In a compelling victory for the government, Enron Corp. founder Kenneth Lay and his former right-hand man, Jeffrey Skilling, who had at various times been COO, president and CEO of Enron, were found guilty of fraud and conspiracy on Thursday. Sentencing is set for Sept. 11, and both men could spend the rest of their lives in prison.

U.S. District Judge Sim Lake ordered Lay to immediately surrender his passport. He also asked Lay for a $5 million bond co-signed by his children. Skilling had already surrendered his passport and filed a $5 million bond. Lake allowed both men to remain free pending their sentencing.

Lay was found guilty of one count of conspiracy, three counts of securities fraud and two counts of wire fraud. Lake also found Lay guilty of three counts of making false statements to banks and one count of bank fraud. Skilling was found guilty of one count of conspiracy (a joint count with Lay), 12 counts of securities fraud, one count of insider trading and five counts of making false statements to auditors and Enron shareholders. Skilling was acquitted on nine counts of insider trading.

The verdict was announced about 11 a.m. Thursday morning, following only six days of deliberation. Skilling, whose verdict was announced first, appeared composed with his arms crossed, and he barely showed any emotion. Lay’s wife, who was allowed to sit with her husband in the front row of the spectator section of the courtroom, kept her arm around her husband and began crying when the verdict was read. Lay’s daughter also began crying when her father’s verdict was read.

Appearing outside of the courthouse shortly after the verdict, Skilling and his lawyer Daniel Petrocelli spoke with reporters.

“I’d like to thank Dan, and I’d like to thank my family,” Skilling said, naming his wife and children among those who had continued to support him. “We fought the good fight. Some things work and some things don’t…Obviously I’m disappointed…that’s the way the system works.”

Petrocelli said he and his legal team would “sit down and look at everything hard. We litigated hard, and we lost on some of the issues.” He said it was “too early” to comment on what will happen next but added, “We will have a full and vigorous appeal.”

Following the verdicts, members of the jury agreed to talk with the media about their deliberations, which lasted only six days following a 16-week trial.

“We went over all of the evidence, and we went through all of the possibilities,” said jury forewoman Deborah Smith. “We didn’t know what the verdict would be until this morning.” Smith, who said she worked in human resources for a “large oil services company,” said “we didn’t think we had a target of reaching a verdict today. We were prepared to stay here as long as it took. We wanted to have the right verdict… We wanted it to be one that all of the jurors unanimously agreed about.”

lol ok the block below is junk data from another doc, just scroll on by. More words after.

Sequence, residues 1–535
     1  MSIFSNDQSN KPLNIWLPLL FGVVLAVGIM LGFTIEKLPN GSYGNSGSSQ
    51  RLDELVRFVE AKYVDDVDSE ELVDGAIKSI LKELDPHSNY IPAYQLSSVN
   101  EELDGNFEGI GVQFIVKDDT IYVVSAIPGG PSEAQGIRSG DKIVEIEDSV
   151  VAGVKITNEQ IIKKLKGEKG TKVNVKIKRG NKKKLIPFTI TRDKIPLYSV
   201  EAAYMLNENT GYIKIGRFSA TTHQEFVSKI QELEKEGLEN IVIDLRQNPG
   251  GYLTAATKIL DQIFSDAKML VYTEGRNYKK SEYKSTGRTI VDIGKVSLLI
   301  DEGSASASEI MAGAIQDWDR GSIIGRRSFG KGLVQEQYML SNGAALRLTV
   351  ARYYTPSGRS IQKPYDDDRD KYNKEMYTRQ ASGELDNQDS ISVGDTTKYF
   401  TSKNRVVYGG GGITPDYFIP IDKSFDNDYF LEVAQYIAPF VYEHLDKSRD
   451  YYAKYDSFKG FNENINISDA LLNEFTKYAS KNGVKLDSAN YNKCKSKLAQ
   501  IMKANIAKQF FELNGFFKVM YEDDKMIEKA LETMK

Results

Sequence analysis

Smith said there was “no particular piece of evidence” that swayed the panel. “We listened and considered every witness,” said Smith. “Everybody’s name came up at least once. Some we gave more credibility to, some we didn’t give any. But we considered every one.”

Juror Freddy Delgado, an elementary school teacher, said Ben Glisan’s testimony was some of the “best.” Glisan, Enron’s former treasurer, declined to make a deal with the government, and he was sentenced to five years in prison for fraud. Glisan testified that Skilling was aware of some of the deception at Enron, and he said Skilling had approved Enron’s notorious special purpose entities.

“When we were in doubt, we always went to those boxes of evidence…and looked at the defense exhibits and the prosecution’s. It was there in black and white and it doesn’t lie.”

Asked about a defense argument that Enron actually collapsed because of short sellers and “inaccurate” articles in The Wall Street Journal, juror Don Martin said, “I think The Wall Street Journal thing was not that critical in anything.” He acknowledged it could have played a role in the company’s bankruptcy, but “as far as we were concerned with this case…it didn’t have that much bearing.”

In a statement following the verdicts, U.S. Deputy Attorney General Paul McNulty said the “verdict encourages us to continue to combat corruption wherever we find it.”

So far, the government has charged about 30 people with Enron-related crimes. More than 12 Enron executives have pleaded guilty, including Chief Accounting Officer Richard Causey. Several other former executives who pleaded guilty testified against Lay and Skilling, including ex-CFO Andrew Fastow, Glisan, former chief of investor relations Mark Koenig, former corporate secretary Paula Rieker, former Enron Broadband Services CEO Kenneth Rice and former Enron Energy Services CEO David Delainey.

According to legal experts, there are at least four possible appeal issues for Lay and Skilling. Over an objection by the defense, Lake included a “deliberate indifference” instruction, which allowed the jury to find either Lay or Skilling guilty for ignoring possible criminal conduct that otherwise would have been obvious. The defense argued that the instruction was not relevant to the theory of the case.

Another appeal issue could be the venue. Before the trial began, Lake denied a request by the defense to move the trial out of Houston, where Enron had been headquartered. The defense had argued that Enron’s bankruptcy had hurt the defendants’ ability to have a fair trial. Lake also denied a request by Lay to try his case separately, which could cause Lay’s attorneys to argue on appeal that jurors were prejudiced against him by the joint trial.

Finally, the government declined to grant immunity to several former Enron executives who might otherwise have testified for the defense, and Lake supported the move. The absence of these potential witnesses may have deprived Lay and Skilling of having testimony in their favor.

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